Here the mode is 2, since 2 appears more than any other number.

What is the mode of this list?

This list has multiple modes: 1, 4, because they appear equally often, and more than other elements in the list.

Complete the final column, by calculating the mode for each example list.

For the examples in which a list has multiple modes, students should write in the smallest mode because that is the behavior of the mode function in Pyret, which can only return one Number, as opposed to modes which returns a List<Number>.

There are two different functions provided by Pyret: mode, and modes.

Type each of these lines of code into the interactions window. What’s different about these two functions, when applied to the same List?

mode(c)

modes(c)

mode will return the smallest mode, which is a Number, but modes will return a List<Number> containing all of the modes. Their contracts are:

Have students add these two contracts to their contract list.

Note that later, we will reveal that mode and modes
can be used on Lists of Strings as well.

Measuring Tables

Overview

Learning Objectives

Evidence Statements

Product Outcomes

Materials

Preparation

Measuring Tables
(Time 15 minutes)

In the last lesson, you learned how to extract a column from a table, turning it into a list. Now let’s use that knowledge to start asking questions about some of our datasets. Suppose we wanted to know what the average number of calories are on the menu. We’d need to first extract that column from the table, and then take the mean of the resulting list. We can write this using identifiers:

...or as a single expression, by combining the extract expression with mean:
Which style do you like better? Why?

Turn to Page 9 in your workbooks and complete all of the questions. You may have to do some programming to answer some of these!

This exercise gives students more practice using Pyret to compute mean/median/mode. Students will also see first hand that calculating a median of medians of many lists is not necessarily the same as the median of a larger list.

After all the students complete this workbook page, discuss the implications of this for the countries table. Taking the median of the median-life-expectancy column is an inaccurate measure of the median life expectancy of humans all over the world. The most accurate measure of median human life expectancy would require a table with every human as a row.

The punchline of this portion of the exercise is: don’t take the median of medians.

Which Measure is Best?

Overview

Learning Objectives

Evidence Statements

Product Outcomes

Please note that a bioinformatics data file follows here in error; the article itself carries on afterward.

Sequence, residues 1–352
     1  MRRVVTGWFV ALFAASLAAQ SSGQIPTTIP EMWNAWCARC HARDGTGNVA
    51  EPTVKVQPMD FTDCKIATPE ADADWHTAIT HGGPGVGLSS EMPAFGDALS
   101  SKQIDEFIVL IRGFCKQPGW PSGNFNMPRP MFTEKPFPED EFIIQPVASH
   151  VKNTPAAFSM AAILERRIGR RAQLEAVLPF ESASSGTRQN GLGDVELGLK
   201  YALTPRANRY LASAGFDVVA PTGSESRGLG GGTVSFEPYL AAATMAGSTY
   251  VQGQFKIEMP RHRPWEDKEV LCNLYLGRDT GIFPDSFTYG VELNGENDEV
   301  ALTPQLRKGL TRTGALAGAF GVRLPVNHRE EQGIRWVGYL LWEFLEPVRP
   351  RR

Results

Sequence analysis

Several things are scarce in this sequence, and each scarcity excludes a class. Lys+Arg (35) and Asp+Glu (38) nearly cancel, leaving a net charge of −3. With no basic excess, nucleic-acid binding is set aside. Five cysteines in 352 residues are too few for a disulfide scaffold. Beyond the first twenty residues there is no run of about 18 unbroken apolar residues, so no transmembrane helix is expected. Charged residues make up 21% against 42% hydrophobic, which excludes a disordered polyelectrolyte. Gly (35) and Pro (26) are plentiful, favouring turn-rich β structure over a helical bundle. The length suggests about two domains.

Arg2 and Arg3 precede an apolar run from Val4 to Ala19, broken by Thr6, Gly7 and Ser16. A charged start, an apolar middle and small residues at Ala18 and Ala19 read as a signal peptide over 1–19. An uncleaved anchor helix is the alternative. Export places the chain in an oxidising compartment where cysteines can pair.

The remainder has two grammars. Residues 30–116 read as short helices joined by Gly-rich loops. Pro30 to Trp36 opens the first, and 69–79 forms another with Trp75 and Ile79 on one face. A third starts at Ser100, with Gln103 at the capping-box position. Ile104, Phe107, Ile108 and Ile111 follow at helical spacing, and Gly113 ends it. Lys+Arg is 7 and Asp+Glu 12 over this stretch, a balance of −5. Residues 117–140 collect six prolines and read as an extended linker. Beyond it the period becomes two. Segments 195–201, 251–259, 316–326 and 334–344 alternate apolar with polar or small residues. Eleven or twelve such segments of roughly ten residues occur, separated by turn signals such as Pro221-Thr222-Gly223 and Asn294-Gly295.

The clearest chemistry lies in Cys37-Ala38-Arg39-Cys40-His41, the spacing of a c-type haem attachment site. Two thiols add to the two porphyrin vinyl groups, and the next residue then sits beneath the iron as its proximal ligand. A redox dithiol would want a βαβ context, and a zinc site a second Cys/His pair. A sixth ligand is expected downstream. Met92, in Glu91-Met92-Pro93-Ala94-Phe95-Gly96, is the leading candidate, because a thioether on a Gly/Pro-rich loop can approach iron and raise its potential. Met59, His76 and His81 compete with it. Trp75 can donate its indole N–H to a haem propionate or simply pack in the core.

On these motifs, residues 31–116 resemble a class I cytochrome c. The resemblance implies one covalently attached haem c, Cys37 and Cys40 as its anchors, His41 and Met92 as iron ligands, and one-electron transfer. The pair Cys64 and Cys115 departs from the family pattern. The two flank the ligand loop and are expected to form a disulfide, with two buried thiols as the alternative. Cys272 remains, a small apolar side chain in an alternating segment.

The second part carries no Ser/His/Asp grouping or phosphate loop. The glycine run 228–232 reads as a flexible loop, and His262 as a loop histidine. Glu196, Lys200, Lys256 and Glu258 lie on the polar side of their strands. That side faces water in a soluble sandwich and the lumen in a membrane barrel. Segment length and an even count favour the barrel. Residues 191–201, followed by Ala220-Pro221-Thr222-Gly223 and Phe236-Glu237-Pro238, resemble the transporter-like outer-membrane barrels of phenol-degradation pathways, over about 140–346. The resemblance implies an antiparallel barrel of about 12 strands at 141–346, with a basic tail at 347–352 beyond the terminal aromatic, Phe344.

Materials

Preparation

Which Measure is Best?
(Time 15 minutes)

By now, you may have noticed that the mean, median, and mode of a data set are rarely the same value. So, which one should we use, and when?

For each of the following example lists, discuss with the students what the strengths/weaknesses of each measurement.

Imagine that a math teacher is tracking their students’ grades. Here are the students’ grades on the first test.

Which measure of center gives the best indication of how the class did?

mean: 75.57

median: 68

mode: 69

Notice that the mean is well over 75, even though most of the students scored below 70! The mean here is more affected by outliers: those two 100s are bringing the average up. This is because the mean is calculated using every value in the list, while the median is calculated with at most 2 values from the list.

In general, here are some guidelines for when to use one measurement over the other:

If the data is unlikely to have values occurring multiple times (like with decimals, or with grades), do not use mode.

If the data is more "coarse grained", meaning the data is quantitative but there are only a small number of possible values each entry can take, then mode will be useful.

If the data is going to have lots of outliers, then median gives a better estimate of the center than mean.

Suppose we want to look at how much sodium is in our menu. Would taking the mean or median be more accurate? Why or why not?

Suppose we want to know how long the average person on Earth lives. Would taking the mean of median-life-expectancy give us the answer? Why or why not?

Make sure to save your work. Hit the Save button in the top left. This will save your program in the code.pyret.org folder within your Google Drive.

Use mean, median and mode with the household-income list. Do you think the "average household income" is still a good measure to use when talking about poverty? Why or why not? Take two minutes to write your answer on Page 7.

Have the class debrief their findings. Did anyone’s mind change after looking at the data? Is the data convincing or not? Why or why not?

Closing

Overview

Learning Objectives

Evidence Statements

Product Outcomes

Materials

Preparation

Closing
(Time 20 minutes)

Take 10 minutes to answer question 4 in your Project Report.

Congratulations! You’ve just learned the basics of the Pyret programming language, and how to use that language to answer a data science question. Throughout this course, you’ll learn new and more powerful tools that will allow you to answer more complex questions, and in greater detail.

If your students are working in pairs/groups, make sure that each student has access to a version of the program. The student who saved the program to their Google Drive can share their program with anyone by hitting the Publish button in the top left, choosing "Publish a new copy", then clicking the "Share Link" option. This will allow them to copy a link to the program, then send to their partners in an email/message.